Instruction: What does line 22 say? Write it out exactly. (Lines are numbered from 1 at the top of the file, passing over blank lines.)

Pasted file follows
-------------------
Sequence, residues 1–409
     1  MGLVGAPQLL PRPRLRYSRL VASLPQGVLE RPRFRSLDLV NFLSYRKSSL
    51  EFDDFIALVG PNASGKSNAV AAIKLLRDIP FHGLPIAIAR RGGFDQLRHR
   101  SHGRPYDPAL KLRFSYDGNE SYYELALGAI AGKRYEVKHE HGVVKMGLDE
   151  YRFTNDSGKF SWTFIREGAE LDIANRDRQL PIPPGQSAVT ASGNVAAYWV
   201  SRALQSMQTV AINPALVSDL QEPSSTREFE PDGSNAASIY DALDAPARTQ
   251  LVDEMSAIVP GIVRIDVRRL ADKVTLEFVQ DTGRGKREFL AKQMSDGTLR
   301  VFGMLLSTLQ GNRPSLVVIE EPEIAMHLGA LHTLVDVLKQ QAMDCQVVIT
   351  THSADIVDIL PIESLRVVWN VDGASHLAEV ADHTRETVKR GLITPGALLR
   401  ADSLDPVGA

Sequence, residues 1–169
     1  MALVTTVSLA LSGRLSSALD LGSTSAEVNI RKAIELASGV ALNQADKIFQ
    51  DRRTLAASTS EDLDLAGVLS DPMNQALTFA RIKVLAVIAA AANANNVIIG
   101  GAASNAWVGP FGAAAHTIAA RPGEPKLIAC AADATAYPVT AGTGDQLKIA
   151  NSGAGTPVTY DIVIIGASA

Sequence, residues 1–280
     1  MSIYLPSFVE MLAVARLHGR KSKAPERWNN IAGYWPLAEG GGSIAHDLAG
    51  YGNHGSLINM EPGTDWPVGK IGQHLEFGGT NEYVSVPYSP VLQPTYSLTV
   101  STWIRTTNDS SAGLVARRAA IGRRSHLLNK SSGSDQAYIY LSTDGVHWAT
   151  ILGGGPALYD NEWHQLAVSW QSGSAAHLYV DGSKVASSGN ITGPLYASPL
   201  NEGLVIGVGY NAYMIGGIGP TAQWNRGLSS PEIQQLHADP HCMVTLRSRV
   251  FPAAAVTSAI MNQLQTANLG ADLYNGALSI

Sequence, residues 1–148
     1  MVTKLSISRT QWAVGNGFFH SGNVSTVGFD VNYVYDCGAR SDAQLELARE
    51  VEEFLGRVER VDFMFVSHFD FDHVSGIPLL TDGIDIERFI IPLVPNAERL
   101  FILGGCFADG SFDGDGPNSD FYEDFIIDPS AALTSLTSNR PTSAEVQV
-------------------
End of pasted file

   251  FPAAAVTSAI MNQLQTANLG ADLYNGALSI